As one of the most notorious dictators of all time, Hitler lied and manipulated his way to become Fuhrer of Germany. Using the weaknesses of the Weimar Republic to gain support, creating armies to cause fear and using his own public speaking skills and propaganda to gain trust and devotion, he created a false sense of security for the German people which began the rise of Hitler. The weaknesses of the Weimar Republic are what enabled Hitler’s rise to power. “The Treaty of Versailles” was a peace treaty written after World War I by the leaders of the nations who fought in the war; this was later named “the League of Nations”. Germany however was initially excluded from the league as they were blamed for being the cause of the war.
In a political sense, it ‘got his foot in the door’, so to speak. It came about largely due to problems with Weimar democracy and weak decisions; there were serious miscalculations in the appointment of Hitler. Many of the elite, particularly Papen, became intrigued and willing to co-operate with Hitler (even settle for a Hitler government), as they wanted his huge support base to further their own power ambitions and counter the rise of communism. He had the support required to solve Germany’s parliamentary crisis, and crucially he had the reluctant backing of Hindenburg, a nationalistic president who also feared a Bolshevik revolution and believed the Nazis could protect Germany from this. Despite the efforts of many to encourage Hitler’s appointment, there was no intention of forming a permanent leadership with him; the elite groups around Hindenburg planned to use Hitler to gain his support base, then abandon him when he was no longer needed.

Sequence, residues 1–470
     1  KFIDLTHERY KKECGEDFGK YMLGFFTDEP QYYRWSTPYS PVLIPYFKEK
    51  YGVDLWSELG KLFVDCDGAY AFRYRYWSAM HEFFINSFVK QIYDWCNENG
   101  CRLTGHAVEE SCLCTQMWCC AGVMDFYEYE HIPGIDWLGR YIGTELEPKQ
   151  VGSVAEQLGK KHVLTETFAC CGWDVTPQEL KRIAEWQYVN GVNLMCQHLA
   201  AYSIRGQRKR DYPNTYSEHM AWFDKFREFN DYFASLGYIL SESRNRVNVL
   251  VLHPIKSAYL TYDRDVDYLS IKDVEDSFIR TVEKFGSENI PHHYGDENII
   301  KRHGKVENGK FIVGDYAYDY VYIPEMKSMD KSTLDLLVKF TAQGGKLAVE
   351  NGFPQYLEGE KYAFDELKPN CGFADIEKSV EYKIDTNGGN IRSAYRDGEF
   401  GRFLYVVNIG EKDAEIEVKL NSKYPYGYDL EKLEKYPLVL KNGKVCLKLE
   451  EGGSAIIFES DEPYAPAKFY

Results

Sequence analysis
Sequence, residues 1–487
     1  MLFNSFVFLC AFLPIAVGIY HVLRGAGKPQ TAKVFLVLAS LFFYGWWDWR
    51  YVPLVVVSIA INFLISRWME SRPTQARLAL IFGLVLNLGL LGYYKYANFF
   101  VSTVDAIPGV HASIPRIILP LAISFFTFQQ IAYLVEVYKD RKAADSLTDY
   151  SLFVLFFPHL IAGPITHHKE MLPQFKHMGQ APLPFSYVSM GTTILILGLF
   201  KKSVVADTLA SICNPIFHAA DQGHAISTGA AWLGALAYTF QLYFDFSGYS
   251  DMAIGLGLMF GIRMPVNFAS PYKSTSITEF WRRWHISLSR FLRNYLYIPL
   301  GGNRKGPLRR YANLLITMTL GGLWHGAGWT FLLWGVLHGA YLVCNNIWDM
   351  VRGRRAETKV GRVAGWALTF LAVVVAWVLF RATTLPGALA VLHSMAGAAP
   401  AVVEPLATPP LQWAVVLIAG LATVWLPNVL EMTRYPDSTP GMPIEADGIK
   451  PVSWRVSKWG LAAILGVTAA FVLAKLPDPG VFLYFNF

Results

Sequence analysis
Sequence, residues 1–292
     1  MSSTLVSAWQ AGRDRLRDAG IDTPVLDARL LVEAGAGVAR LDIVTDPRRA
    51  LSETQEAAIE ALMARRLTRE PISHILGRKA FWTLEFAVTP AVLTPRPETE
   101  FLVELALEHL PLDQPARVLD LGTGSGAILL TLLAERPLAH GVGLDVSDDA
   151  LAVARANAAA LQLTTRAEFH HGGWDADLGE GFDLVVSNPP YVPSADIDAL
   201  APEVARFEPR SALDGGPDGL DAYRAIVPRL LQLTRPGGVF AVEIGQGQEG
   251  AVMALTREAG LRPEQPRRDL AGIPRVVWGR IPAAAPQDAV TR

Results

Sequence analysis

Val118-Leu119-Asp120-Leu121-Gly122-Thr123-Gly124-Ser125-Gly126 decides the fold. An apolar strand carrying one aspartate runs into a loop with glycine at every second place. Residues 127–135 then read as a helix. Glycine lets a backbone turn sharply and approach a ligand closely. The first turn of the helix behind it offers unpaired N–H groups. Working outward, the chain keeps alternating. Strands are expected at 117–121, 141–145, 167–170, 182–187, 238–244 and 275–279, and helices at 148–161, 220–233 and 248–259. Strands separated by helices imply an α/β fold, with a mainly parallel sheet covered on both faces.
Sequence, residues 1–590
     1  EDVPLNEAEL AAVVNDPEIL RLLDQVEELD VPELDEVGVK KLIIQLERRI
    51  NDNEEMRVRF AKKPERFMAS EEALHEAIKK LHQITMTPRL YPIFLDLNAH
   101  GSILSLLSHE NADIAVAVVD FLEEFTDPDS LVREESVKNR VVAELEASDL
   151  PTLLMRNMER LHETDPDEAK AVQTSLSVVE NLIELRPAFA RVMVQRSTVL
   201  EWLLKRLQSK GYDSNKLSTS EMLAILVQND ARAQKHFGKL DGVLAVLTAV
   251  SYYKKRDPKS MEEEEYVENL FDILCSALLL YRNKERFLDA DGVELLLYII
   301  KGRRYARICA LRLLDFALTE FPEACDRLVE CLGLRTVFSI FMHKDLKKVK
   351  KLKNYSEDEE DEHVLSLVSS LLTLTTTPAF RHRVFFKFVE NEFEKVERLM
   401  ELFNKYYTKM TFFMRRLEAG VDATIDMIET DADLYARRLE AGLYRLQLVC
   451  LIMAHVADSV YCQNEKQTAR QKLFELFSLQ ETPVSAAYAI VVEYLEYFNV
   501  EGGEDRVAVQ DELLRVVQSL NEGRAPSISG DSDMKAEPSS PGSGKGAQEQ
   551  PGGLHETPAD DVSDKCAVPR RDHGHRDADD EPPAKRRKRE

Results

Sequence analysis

Adolf Hitler knew that he had opposition from the right-wing state government in Bavaria and it is for this reason that he waited till the 8th November 1923 to try and seize power in Bavaria through the means of force. Adolf Hitler hoped that the other states would rise up against Berlin’s authority with his Nazi Party but
Analysis of the factors leading to Hitler’s rise to power Used by later historians and members of the NSDAP, the term Machtergreifung, in translation the seizure of power, referring to the inauguration of Adolf Hitler as Chancellor on 30 January 1933 is a misconception. In fact that day when President Hindenburg appointed Hitler, the legal foundations for a multi-party system still stood, the actual transition to a totalitarian, single party state only came later that year. But most importantly, the term began to collocate with the historical view that the Weimar Republic was doomed or fated to be controlled by Hitler and the Nazis, and it was the due process of history that came about. It is true, however, that the weaknesses of the Weimar Constitution, and the political inexperience of the German people served as a catalyst in evoking the collapse of democracy. But Hitler’s person and political success was the result of desperate industrialists, his excellent handling of the relationship with the army and sheer misfortune.
Hitler was appointed chancellor on 30th January 1933. However, he was not a dictator but he was part of a democracy and had to work with President Hindenburg who still had a lot of power including the power to change the chancellor. Within the space of 18 months Hitler had established the legal foundations of his dictatorship and removed any potential threats to his position, even from within the Nazi party. On the evening of the 27th February 1933, the Reichstag building was destroyed by a massive fire. A young Dutchman, a communist supporter named Van der Lubbe, was caught at the site with matches and firelighters.